Climbing

Reaching 5000m we encounter snow from the previous day.

Climbing Uturuncu

As snow begins to slow progress. Cass and I take it in turns to look on inquisitively watching each others efforts, as the other hunches over the handlebars to suck in what little air we can find. By 5500m we sit and take a break both feeling the effects of the altitude, the final 200 metres seemingly a long way way.

With our second wind, the final push sees us reach the col through clouds of sulphurous gas.

Sulphur

5751m by bike. A tough day out.

Boom

Bolivian’s believe this is one of several sacred volcanoes. Paying our respects to Papa Uturuncu the spirit of the volcano, we leave him a offering in the way of a dash of Coca Cola and biscuits and ask for a safe descent back down. Evidently Papa Uturuncu liked our offering and we are rewarded, with a rough, rocky and twisty descent which wouldn’t be out of place at a trail centre.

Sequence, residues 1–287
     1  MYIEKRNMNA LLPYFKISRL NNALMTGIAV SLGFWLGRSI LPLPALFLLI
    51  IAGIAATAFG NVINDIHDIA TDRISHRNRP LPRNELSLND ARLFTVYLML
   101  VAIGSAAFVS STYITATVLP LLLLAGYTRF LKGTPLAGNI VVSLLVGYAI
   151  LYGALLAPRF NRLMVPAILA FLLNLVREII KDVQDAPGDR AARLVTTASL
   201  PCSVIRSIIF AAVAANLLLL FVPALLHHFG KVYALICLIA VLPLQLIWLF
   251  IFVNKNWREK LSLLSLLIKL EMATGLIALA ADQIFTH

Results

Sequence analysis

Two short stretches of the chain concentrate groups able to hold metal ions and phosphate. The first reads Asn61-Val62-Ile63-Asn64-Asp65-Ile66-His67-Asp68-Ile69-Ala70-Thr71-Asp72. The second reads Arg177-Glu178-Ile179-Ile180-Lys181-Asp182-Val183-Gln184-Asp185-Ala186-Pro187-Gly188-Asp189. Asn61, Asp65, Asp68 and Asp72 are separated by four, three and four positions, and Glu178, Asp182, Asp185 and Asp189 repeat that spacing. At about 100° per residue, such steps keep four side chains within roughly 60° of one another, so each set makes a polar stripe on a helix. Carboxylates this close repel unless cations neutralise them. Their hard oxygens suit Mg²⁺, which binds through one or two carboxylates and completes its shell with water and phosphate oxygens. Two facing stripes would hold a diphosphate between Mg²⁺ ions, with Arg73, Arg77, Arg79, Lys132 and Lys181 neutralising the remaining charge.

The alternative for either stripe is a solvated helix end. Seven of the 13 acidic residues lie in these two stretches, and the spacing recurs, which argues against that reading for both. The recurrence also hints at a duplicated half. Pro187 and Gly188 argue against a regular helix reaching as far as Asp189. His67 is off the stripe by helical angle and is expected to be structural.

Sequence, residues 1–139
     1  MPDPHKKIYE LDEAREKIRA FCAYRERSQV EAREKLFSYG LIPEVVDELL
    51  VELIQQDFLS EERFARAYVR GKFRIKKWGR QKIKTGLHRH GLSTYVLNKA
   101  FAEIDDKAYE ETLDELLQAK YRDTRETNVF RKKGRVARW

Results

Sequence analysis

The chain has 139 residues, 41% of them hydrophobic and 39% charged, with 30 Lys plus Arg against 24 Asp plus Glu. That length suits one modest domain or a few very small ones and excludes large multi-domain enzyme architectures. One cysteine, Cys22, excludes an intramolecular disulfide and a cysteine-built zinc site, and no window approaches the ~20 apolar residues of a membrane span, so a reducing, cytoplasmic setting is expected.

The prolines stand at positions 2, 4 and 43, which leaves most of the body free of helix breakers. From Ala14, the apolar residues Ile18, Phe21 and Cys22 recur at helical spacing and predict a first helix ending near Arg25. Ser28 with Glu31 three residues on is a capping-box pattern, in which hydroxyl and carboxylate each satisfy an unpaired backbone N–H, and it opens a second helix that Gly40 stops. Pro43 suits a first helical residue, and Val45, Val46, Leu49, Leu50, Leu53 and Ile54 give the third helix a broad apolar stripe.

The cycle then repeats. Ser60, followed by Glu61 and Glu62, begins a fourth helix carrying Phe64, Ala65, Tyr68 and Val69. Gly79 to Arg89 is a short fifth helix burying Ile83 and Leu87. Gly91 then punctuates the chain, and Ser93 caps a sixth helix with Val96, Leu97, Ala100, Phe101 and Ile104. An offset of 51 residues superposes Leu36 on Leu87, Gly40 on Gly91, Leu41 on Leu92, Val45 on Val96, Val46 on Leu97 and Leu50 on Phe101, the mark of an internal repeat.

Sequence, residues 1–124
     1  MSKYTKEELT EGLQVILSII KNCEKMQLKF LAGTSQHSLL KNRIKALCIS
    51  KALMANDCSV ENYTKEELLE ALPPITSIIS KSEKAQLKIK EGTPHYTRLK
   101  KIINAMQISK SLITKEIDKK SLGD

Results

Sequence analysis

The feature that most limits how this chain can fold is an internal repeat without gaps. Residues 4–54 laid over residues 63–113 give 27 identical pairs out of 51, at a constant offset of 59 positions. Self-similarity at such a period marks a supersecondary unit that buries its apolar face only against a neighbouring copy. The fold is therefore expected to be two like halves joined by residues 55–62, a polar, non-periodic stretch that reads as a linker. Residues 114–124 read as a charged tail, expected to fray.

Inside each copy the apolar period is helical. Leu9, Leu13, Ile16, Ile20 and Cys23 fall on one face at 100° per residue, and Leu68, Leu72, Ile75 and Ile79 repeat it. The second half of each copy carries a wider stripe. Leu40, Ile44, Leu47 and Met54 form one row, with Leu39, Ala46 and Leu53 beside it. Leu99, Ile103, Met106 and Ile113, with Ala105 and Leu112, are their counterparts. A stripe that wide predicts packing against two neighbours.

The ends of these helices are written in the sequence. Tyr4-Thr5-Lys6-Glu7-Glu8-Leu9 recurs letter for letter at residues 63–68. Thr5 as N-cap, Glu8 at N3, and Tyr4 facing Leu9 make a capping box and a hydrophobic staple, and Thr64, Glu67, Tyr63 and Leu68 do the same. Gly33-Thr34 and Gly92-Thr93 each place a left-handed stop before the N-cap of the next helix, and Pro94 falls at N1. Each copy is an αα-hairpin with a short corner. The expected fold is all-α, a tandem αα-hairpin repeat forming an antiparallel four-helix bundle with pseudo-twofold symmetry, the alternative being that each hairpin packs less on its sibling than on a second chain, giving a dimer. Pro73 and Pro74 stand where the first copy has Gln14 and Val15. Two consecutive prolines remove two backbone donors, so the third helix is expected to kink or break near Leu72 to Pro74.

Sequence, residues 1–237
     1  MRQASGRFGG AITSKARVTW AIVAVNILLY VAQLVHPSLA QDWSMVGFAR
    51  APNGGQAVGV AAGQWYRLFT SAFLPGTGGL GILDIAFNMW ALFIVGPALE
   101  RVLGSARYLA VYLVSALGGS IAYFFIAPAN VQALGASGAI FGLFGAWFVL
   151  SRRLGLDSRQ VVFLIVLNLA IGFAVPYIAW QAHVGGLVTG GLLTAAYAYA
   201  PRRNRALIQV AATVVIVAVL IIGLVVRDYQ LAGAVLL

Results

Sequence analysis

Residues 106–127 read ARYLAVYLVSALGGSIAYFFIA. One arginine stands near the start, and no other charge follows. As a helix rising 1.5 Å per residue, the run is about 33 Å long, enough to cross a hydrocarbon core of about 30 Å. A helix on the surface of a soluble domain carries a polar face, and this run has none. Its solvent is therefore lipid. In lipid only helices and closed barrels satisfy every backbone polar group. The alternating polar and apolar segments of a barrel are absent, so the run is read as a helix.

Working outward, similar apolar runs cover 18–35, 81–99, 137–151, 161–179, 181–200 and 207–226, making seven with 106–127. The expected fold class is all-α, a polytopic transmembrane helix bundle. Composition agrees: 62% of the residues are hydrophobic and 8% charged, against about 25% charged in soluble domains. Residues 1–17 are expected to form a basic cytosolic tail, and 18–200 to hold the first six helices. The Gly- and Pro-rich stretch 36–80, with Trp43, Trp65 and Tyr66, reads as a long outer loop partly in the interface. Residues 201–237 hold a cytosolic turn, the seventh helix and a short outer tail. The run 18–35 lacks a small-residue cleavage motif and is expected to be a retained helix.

Smiling broadly we reach Quetana Chico. Job done, its time to head back to Uyuni and make our way north.

Ride Bank

Just one final icy river to ford, as we make our way to Kulpina K and a short bus ride to Uyuni.

Icy River Crossing

Route

Uyuni – Sulche – San Vicente – San Antonio De Lipez – San Pablo De Lipez – Quetana Chico – Kulpina K

8 Comments

  1. Ron McCartan
    07/09/2014

    Hi Mike. My wife and I have travelled widely in foreign parts and have great respect and fondness for Cass. However, you guys together are a breed apart and your pics and stories are a great inspiration for two ageing bikers. ‘Keep em rollin’.

    Reply
    • Mike
      08/09/2014

      Hey Ron.

      Thank you for your kind words. It is always humbling to read that my own adventures are providing inspiration for others.

      Cass´ own adventures have been a source of inspiration for me while I was locked in a dull grey office, dreaming of escaping and riding remote dirt roads. To ride together has been a real pleasure.

      Lots more of South America to come which I am sure you will enjoy!

  2. Cherry
    07/09/2014

    Wonderful photos! I am so excited!

    Reply
    • Mike
      08/09/2014

      Cherry!

      You are in for a treat, hopefully I can post the next installament before you guys leave La Paz.